About 46% of the at-risk population reported a decrease in the frequency of taking HIV tests during COVID-19
Gilead Sciences, Inc. and the AIDS Society of India have announced findings from a pulse survey conducted to evaluate the impact of the COVID-19 pandemic on access and delivery of HIV care in Asia Pacific. In this region, there are more than 5.8 million people living with HIV (PLHIV) and in 2019, 300,000 were newly infected and about 160,000 deaths were AIDS-related. According to 2017 data for India, there are 2.1 million PLHIV; that year, 88,000 people were newly infected with HIV while 69,000 died from AIDS-related illnesses. According to a recent UNAIDS report, disruption to HIV care could lead to thousands of more deaths.
The survey included PLHIV, people at-risk of HIV and HIV care prescribers across 10 countries in the region, including India. Over 82% of prescribers in India reported that there was a decrease in the frequency or delay of visits of PLHIV. An analysis of the responses in the survey provides additional insights into the disruptions caused by the COVID-19 pandemic:
- COVID-19 has had a big impact on the uptake of HIV tests, especially amongst the at-risk population. About 46% of the at-risk population reported a decrease in the frequency of taking HIV tests during COVID-19. The main reasons for reduced testing were concerns of getting infected with COVID-19 (62%) and travel restrictions imposed during the pandemic (46%), as HIV tests were mostly only accessible at point-of-care.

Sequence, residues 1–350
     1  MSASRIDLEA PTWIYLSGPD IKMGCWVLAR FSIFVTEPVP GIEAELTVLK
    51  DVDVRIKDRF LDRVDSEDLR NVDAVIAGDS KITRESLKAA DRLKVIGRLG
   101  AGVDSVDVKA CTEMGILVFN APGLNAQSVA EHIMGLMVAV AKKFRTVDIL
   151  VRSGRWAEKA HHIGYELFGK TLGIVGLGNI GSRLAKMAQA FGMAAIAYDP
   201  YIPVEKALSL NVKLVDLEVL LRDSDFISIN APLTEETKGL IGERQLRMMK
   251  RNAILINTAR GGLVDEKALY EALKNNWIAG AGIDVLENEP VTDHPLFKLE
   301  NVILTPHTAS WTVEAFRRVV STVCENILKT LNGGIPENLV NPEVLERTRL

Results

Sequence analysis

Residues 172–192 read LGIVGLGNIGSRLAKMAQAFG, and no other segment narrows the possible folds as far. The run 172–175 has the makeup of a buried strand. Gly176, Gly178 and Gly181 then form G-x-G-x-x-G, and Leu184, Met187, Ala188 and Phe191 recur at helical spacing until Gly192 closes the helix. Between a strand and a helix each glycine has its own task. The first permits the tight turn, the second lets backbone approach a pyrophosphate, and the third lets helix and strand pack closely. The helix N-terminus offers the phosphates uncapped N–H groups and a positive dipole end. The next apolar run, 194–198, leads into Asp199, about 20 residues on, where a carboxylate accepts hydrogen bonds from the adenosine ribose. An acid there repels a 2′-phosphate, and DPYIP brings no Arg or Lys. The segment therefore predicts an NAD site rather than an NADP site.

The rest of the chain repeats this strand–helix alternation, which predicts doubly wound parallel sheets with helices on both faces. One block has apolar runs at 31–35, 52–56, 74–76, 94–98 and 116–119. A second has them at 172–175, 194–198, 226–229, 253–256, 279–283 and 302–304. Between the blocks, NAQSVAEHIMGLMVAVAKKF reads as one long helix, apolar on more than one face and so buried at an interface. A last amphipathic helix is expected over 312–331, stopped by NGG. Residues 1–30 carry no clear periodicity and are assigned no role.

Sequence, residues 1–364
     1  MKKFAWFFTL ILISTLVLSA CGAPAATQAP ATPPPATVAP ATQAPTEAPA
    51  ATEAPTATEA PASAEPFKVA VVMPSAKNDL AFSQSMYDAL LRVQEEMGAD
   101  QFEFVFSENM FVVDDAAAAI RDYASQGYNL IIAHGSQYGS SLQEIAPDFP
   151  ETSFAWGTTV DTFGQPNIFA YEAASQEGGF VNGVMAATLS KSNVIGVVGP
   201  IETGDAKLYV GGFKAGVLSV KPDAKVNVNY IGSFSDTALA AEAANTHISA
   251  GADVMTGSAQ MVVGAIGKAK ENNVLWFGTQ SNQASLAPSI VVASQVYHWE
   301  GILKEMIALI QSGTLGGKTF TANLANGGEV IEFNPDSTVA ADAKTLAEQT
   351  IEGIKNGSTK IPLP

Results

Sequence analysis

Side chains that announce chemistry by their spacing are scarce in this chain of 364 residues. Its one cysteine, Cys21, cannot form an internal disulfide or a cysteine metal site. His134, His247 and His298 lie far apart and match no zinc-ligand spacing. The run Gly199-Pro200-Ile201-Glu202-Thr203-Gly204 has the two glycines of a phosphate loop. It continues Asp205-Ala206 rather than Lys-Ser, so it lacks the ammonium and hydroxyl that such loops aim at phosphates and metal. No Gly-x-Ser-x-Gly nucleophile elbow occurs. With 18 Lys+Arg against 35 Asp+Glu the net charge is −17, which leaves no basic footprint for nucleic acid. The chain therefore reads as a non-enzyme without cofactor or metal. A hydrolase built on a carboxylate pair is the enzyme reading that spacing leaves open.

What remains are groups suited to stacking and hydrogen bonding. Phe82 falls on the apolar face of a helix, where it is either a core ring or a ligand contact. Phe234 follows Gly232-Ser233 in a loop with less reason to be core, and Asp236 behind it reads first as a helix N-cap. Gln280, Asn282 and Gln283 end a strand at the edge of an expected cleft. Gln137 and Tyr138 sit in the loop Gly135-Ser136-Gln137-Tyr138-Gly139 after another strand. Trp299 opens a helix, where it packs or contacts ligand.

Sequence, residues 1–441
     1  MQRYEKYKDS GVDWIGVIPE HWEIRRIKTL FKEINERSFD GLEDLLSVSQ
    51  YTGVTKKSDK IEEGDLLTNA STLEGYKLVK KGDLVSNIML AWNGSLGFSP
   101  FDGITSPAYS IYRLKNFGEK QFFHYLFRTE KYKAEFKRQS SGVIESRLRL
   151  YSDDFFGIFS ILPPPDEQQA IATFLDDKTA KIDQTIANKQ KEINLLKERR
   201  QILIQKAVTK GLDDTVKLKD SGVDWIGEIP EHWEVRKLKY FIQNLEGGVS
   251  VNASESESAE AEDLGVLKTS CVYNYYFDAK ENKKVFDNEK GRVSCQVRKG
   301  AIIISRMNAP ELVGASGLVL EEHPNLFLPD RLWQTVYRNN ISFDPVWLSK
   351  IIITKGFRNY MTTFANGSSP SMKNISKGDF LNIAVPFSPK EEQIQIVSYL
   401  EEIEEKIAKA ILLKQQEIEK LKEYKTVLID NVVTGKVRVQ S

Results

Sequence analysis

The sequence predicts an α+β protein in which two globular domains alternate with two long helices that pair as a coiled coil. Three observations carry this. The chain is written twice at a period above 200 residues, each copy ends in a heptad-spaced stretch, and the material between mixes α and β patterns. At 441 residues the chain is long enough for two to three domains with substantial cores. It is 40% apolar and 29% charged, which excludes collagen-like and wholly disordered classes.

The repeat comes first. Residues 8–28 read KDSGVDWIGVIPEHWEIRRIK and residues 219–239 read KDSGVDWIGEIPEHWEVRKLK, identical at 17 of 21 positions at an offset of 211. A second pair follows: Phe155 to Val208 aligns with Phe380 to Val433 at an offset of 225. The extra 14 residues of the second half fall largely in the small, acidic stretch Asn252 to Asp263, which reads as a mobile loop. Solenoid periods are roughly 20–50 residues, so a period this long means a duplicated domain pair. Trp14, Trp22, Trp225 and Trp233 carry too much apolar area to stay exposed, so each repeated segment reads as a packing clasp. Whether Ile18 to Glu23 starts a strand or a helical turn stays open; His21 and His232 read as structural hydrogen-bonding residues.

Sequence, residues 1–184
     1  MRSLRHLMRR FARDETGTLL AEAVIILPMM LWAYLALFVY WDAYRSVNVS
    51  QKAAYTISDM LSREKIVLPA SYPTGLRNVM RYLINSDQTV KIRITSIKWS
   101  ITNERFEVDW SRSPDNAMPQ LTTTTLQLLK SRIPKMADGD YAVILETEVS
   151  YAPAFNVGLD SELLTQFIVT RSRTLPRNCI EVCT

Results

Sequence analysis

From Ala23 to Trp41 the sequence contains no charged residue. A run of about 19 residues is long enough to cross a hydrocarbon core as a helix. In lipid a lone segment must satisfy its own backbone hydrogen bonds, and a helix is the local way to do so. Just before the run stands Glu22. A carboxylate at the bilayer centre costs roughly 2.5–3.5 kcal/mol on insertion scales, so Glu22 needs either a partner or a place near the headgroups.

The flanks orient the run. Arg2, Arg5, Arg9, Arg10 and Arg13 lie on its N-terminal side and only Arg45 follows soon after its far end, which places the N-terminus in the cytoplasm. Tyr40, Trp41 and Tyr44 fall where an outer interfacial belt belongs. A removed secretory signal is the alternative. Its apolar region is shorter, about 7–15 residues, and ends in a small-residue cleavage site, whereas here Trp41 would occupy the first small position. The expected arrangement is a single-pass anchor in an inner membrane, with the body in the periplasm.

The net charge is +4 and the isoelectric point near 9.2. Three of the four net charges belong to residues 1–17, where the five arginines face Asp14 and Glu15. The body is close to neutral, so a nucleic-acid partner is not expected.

- COVID-19 has also had a substantial impact on the dispensing or uptake of medicines. About 80% of HIV care prescribers reported a decline in preventive prescriptions for the at-risk population while more than 1 in 3 amongst the at-risk population reported that they had either decreased or stopped taking HIV preventive medicine.
- Long-term ability to access anti-HIV medications is a major concern. Almost 47% of PLHIV and 37% of those at-risk reported that they are concerned about getting antiretroviral medicines and preventive medication during the ongoing COVID-19 pandemic.
- Telehealth is becoming a mode of delivery for HIV care during the COVID-19 pandemic. Amongst HIV care prescribers, almost 97% use telehealth to consult with patients via telephone (85%) or video (50%), or to provide refill prescriptions (67%). A majority of prescribers surveyed (76%) expect an increase in telehealth adoption in the future as it offers convenience, allows them to reach more patients and reduces spread of illness. Amongst PLHIV and those at-risk, the most frequent type of telehealth service received from the doctor were phone consultations (58%).